This second volume of Sapiens: A Graphic History, the full-color graphic adaptation of Yuval Noah Harari’s #1 New York Times bestseller, focuses on the Agricultural Revolution—when humans fell into a trap we’ve yet to escape: working harder and harder with diminishing returns.
What if humanity’s major woes—war, plague, famine and inequality—originated 12,000 years ago, when Homo sapiens converted from nomads to settlers, in pursuit of the fantasy of productivity and efficiency? What if by seeking to control plants and animals, humans ended up being controlled by kings, priests, and Kafkaesque bureaucracy? Volume 2 of Sapiens: A Graphic History–The Pillars of Civilization explores a crucial chapter in human development: the Agricultural Revolution. This is the story of how wheat took over the world; how an unlikely marriage between a god and a bureaucrat created the first empires; and how war, plague, famine, and inequality became an intractable feature of the human condition.
But it’s not all doom and gloom with this book’s cast of entertaining characters and colorful humorous scenes. Yuval, Zoe, Prof. Saraswati, Cindy and Bill (now farmers), Detective Lopez, and Dr. Fiction, all introduced in Volume 1, once again travel the length and breadth of human history, this time investigating the impact the Agricultural Revolution has had on our species. The cunning Mephisto shows them how to ensnare humans, King Hammurabi lays down the law, and Confucius explains harmonious society. The origins of modern farming are introduced through Elizabethan tragedy; the changing fortunes of domesticated plants and animals are tracked in the columns of the Daily Business News; the story of urbanization is portrayed as a travel brochure, offering discount journeys to ancient Babylon and China; and the history of inequality unfolds in a superhero detective story; with guest appearances by historical and cultural personalities throughout such as Thomas Jefferson, Scarlett O'Hara, Margaret Thatcher, and John Lennon.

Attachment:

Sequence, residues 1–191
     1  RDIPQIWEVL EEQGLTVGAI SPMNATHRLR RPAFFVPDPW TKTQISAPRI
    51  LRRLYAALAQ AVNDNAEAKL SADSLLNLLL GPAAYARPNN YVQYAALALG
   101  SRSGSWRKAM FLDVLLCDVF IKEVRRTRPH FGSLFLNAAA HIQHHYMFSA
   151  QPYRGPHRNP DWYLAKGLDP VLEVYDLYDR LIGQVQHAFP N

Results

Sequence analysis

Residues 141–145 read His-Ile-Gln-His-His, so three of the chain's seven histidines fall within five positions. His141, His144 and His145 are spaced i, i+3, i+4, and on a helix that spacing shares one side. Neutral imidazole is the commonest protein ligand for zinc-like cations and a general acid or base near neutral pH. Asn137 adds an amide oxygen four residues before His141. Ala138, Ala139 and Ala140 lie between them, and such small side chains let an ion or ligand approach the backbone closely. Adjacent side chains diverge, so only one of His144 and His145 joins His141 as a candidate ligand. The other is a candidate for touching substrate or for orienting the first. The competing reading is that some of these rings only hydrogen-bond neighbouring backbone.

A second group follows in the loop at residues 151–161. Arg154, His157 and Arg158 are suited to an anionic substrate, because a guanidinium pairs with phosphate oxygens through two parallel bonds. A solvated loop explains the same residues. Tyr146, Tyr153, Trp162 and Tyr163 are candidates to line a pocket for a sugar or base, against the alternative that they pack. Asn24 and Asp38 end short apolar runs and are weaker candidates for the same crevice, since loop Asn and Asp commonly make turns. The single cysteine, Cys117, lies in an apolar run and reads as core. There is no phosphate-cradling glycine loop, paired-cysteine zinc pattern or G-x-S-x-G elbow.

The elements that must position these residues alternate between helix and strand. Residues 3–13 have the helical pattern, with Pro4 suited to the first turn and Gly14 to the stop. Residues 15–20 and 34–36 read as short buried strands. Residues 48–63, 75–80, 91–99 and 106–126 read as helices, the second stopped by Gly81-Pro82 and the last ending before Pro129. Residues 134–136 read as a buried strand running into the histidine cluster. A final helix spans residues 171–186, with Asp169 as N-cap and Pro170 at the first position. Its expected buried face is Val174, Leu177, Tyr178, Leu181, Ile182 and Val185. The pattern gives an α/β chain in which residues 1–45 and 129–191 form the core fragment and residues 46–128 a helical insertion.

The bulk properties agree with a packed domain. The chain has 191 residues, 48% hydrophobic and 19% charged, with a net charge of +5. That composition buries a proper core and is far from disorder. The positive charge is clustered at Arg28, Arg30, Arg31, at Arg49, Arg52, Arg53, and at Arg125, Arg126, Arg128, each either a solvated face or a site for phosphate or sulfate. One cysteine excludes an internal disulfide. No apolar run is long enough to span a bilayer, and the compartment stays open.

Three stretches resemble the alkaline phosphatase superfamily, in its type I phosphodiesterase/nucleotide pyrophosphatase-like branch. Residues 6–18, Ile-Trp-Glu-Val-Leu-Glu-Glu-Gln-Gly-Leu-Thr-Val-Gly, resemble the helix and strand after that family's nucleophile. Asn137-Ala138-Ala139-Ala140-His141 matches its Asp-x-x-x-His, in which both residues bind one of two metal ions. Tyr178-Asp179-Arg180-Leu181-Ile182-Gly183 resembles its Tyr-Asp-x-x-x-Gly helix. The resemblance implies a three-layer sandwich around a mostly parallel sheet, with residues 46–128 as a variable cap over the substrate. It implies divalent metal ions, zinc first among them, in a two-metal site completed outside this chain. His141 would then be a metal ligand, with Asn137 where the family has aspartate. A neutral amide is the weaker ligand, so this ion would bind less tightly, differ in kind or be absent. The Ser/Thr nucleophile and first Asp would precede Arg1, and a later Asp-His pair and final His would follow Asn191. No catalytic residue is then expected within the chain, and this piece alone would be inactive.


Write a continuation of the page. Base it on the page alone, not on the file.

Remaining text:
Sapiens: A Graphic History, Volume 2 is a radical, witty and colorful retelling of the story of humankind for adults and young adults, and can be read on its own or in sequence with Volume I.
Prof. Yuval Noah Harari is a historian, philosopher, and the bestselling author of Sapiens: A Brief History of Humankind, Homo Deus: A Brief History of Tomorrow, 21 Lessons for the 21st Century, and Sapiens: A Graphic History. His books have sold over 35 million copies in 65 languages, and he is considered one of the world’s most influential public intellectuals today. The Guardian has credited Sapiens with revolutionizing the non-fiction market and popularizing “brainy books”.
In 2020 Harari joined forces with renowned comics artists David Vandermeulen and Daniel Casanave, to create Sapiens: A Graphic History: a radical adaptation of the original Sapiens into a graphic novel series. This illustrated collection casts Yuval Noah Harari in the role of guide, who takes the reader through the entire history of the human species, accompanied by a range of fictional characters and traveling through time, space and popular culture references.
Born in Haifa, Israel, in 1976, Harari received his PhD from the University of Oxford in 2002, and is currently a lecturer at the Department of History, the Hebrew University of Jerusalem. He originally specialized in world history, medieval history and military history, and his current research focuses on macro-historical questions such as: What is the relationship between history and biology? What is the essential difference between Homo sapiens and other animals? Is there justice in history? Does history have a direction? Did people become happier as history unfolded? What ethical questions do science and technology raise in the 21st century?
"A skillfully entertaining education.....Throughout, the authors seek to present a concise rendering of the full march of humankind and point out elements that are fictionalized, misrepresented, or exaggerated—and show how those elements have shaped human behavior, norms, and mores. " — Kirkus Reviews (starred review)